Saturday, August 22, 2009

Ecosystem Services

We live on a generous planet. Nature provides all sorts of services to us that we don't pay for, and often take for granted.


Some of these ecosystem services are easy to spot. Nature does a great job of cleaning air and water. The water that flows through hydroelectric dams is the same water that evaporated from the oceans and flew through the sky to get back to the watershed. It finds its way back into the rivers, and we can turn it into electricity again. Nobody paid to pump it back up the hill. The water also managed to irrigate the areas on which it fell, for free, without any human infrastructure. It would cost us a lot to water the forests.


Clean water flowing in nature seems free, but if we had to replace it with water we cleaned ourselves it would be far more expensive. For example, when New York was dealing with water quality issues it faced the prospect of a $6-8 billion water filtration plant. They opted instead to spend $1-1.5 billion cleaning up the watershed. This gave them the clean water they needed and saved $4.5 - 7 billion. Plus, they saved the $300 million annually that they would have spent operating the water treatment plant.


Here in Canada, the temperature does a good job of helping to control pests. Cold winters make this part of the world unsuitable for some of the nastier bugs. This protects us from the disease tropical bugs can spread. As global temperature rises, we start to lose this defense.


Imagine how much it would cost to have crops manually pollinated. The bees do it for free. They may seem like pests, but they're an integral part of our food chain. A healthy ecosystem provides these services at no charge.


At least, you don't have to pay for them. You see, nature doesn't care about the money. It's not worried about its quarterly profit and loss statements. It would be satisfied with a little respect and appreciation from us, because for nature, maximizing shareholder value means maintaining the system that cares for every living thing. That includes the people, but not just the people.


It's easy to take for granted how much nature does for us. Ecological services are irreplaceable, and the system provides the basis for continued life on this planet. The bill isn't coming in the mail, but if we don't take care of the system that takes care of us, we'll end up in ecological bankruptcy. That's the sort that can't be fixed by any bailout.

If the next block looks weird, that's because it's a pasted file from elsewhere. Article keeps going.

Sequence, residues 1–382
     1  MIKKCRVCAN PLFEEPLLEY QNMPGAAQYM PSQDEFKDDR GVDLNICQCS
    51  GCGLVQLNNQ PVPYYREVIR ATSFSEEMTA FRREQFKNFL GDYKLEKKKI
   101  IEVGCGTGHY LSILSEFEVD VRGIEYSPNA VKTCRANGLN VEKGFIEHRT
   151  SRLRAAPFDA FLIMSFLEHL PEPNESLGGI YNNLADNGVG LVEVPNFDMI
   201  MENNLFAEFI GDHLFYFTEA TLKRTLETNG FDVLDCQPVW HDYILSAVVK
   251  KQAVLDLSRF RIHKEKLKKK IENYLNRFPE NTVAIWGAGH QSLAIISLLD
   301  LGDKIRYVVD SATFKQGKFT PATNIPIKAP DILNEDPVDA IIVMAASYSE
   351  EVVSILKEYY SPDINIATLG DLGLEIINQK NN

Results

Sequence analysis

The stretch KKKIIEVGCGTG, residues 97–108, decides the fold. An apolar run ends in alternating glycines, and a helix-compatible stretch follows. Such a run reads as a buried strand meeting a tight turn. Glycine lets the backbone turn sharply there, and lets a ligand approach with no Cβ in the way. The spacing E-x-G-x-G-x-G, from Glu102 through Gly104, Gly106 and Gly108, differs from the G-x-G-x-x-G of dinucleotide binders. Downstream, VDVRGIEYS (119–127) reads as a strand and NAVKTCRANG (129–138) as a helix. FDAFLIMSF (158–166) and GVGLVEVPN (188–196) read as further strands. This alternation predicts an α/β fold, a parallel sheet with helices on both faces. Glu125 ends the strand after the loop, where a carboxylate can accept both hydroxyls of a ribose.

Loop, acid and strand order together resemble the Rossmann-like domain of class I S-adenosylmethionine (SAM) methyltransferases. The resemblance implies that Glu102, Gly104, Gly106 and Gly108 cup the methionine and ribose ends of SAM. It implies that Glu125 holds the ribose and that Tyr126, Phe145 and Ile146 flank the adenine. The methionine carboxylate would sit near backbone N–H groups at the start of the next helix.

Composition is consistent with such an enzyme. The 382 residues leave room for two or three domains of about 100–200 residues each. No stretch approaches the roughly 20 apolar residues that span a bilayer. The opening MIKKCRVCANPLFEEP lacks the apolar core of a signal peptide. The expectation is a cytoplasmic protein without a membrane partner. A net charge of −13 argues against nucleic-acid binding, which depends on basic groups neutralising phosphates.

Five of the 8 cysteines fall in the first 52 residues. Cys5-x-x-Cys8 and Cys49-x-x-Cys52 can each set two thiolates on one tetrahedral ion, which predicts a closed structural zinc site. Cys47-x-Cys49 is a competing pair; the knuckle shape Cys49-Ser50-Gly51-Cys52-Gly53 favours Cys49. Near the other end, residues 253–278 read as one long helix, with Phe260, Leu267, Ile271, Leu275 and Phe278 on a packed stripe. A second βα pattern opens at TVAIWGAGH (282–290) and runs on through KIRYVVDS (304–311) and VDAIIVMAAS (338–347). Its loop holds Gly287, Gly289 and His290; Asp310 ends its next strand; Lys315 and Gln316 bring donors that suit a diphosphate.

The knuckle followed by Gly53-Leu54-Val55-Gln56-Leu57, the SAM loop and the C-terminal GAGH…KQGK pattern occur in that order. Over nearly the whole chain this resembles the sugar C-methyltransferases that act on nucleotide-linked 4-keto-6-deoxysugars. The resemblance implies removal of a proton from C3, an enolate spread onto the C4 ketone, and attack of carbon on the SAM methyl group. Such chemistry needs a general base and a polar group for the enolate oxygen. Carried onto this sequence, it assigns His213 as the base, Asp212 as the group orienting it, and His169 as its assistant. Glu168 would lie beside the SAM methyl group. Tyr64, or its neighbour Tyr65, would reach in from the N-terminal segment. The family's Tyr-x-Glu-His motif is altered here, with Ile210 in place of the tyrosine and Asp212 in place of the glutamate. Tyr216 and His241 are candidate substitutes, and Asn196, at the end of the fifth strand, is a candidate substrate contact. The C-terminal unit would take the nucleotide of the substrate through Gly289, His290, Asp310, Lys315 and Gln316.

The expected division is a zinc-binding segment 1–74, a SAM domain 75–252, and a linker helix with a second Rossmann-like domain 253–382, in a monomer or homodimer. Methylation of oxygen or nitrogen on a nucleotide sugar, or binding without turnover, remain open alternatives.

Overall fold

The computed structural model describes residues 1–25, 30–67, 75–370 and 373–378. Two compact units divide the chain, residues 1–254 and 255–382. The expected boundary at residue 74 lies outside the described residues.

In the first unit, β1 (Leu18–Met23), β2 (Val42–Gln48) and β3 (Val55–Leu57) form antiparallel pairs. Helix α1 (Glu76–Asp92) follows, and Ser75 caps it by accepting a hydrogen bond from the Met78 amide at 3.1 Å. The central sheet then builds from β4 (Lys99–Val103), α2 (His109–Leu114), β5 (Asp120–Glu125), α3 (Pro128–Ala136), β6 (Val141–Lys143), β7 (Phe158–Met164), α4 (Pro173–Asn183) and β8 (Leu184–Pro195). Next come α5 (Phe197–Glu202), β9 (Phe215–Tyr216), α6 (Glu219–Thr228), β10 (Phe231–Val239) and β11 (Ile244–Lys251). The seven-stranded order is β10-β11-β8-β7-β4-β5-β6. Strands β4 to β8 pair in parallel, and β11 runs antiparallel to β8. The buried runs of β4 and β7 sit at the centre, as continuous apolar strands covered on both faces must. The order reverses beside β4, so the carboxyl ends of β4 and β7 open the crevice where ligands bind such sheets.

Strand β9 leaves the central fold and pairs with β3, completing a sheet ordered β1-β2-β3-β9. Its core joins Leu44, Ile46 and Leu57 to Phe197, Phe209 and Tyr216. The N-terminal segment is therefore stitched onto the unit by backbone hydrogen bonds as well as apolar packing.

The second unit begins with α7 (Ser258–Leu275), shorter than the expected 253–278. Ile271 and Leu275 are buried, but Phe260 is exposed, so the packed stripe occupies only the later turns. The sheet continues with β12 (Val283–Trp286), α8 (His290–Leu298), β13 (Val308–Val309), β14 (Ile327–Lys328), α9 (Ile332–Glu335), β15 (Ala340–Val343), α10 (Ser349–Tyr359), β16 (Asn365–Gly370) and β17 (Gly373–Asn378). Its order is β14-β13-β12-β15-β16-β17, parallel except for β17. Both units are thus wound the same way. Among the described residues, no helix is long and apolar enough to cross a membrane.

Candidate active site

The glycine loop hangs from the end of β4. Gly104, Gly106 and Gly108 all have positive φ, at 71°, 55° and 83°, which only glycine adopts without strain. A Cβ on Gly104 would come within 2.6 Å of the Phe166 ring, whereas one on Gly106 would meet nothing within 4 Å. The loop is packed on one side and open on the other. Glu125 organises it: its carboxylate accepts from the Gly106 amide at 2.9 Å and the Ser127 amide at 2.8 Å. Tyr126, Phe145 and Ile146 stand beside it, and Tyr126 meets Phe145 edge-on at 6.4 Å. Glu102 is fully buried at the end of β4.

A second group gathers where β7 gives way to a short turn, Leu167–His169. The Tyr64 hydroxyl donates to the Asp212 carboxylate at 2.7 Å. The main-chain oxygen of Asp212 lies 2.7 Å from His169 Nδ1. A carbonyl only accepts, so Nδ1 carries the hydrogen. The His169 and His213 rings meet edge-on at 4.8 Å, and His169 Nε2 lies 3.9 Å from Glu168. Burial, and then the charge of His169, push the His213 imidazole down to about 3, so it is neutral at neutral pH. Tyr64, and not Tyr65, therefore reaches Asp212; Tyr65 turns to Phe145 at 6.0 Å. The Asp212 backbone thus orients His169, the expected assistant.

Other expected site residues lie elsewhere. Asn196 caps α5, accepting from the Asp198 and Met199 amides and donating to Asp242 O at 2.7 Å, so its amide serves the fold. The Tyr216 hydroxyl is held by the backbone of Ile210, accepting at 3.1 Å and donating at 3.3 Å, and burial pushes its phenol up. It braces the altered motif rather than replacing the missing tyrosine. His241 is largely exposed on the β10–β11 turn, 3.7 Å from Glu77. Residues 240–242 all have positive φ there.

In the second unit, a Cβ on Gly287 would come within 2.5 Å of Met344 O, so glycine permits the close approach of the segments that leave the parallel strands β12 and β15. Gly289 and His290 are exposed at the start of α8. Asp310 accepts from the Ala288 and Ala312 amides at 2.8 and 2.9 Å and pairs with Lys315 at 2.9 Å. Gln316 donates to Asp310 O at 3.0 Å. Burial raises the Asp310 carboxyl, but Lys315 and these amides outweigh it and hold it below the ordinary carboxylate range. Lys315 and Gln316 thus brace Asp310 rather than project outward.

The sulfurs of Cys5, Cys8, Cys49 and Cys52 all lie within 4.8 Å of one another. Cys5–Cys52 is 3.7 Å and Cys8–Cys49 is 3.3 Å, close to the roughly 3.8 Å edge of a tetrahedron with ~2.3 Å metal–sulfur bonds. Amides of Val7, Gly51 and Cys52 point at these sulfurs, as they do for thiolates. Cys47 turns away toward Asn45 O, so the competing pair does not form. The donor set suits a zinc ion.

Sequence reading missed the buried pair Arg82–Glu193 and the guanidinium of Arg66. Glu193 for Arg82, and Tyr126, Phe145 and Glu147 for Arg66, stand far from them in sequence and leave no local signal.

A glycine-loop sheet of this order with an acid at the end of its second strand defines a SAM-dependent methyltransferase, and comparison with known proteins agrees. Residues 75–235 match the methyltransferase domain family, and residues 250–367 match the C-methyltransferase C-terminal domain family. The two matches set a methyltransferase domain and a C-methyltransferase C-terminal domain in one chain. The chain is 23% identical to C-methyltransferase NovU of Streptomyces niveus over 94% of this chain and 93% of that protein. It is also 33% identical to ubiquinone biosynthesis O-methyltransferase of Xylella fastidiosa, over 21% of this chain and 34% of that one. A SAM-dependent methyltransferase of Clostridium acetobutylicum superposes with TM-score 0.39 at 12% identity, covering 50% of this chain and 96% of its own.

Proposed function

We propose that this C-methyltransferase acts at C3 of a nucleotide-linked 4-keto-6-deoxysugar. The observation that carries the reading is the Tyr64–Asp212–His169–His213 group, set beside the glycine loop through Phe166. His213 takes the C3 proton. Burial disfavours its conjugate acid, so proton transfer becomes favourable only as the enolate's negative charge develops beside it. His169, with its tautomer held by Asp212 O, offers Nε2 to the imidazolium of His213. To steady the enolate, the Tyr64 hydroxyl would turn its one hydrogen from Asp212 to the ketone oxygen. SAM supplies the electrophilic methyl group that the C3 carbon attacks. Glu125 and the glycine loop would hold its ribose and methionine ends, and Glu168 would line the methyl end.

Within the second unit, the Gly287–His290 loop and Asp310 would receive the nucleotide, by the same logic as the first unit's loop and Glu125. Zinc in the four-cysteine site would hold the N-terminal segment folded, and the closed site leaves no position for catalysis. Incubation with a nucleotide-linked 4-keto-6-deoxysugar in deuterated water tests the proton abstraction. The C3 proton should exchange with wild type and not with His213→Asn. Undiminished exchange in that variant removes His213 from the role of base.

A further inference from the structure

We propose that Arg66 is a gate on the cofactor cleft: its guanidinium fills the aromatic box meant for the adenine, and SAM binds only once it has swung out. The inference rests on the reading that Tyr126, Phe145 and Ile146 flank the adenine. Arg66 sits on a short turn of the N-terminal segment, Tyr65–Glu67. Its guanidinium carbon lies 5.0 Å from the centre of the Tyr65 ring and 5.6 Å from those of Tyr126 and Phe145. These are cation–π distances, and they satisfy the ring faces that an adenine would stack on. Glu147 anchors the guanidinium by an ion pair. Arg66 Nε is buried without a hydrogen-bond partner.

3 comments:

  1. "It would cost us a lot to water the forests. Clean water flowing in nature seems free, but if we had to replace it with water we cleaned ourselves it would be far more expensive."


    SLDI Project Goes Carbon-Negative
    http://www.nxtbook.com/nxtbooks/sldt/0809/#/18

    Located in the headwaters of the Port Orford Community Stewardship Area in Southern Oregon, Ocean Mountain Ranch (OMR) overlooks the newly-designated Redfish Rocks Marine Reserve and the largest remaining old growth forest on the southern coast in Humbug Mountain State Park. OMR is planned to be developed pursuant to a forest stewardship management plan which has been approved by the Oregon Department of Forestry and Northwest Certified Forestry under the high standards of the Forest Stewardship Council (FSC). OMR considers clean water to be a forest's most important product. OMR is also serving as a pilot program striving to achieve carbon negative status through the utilization of low impact development practices, energy efficient buildings, renewable/clean energy systems, distributed waste management systems, biochar production, and other practices.

    Sustainable Land Development International - www.SLDI.org

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  2. The quote about watering the forests gets it exactly. How would that impact the price of lumber? How much would it cost if we had to create electricity to shine light on the tree so it would go? We get that now for free too.

    From the SLDI link, Biochar looks like an interesting way to get CO2 out of the cycle. Sounds more plausible than Carbon Capture and Storage. (Then again, most things do.)

    Thanks for reading.

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  3. Great post, I own a Calgary eco friendly painting and window cleaning company. I made it a business decision to go green about a year ago due to the changes we need to make in order to preserve our environment.

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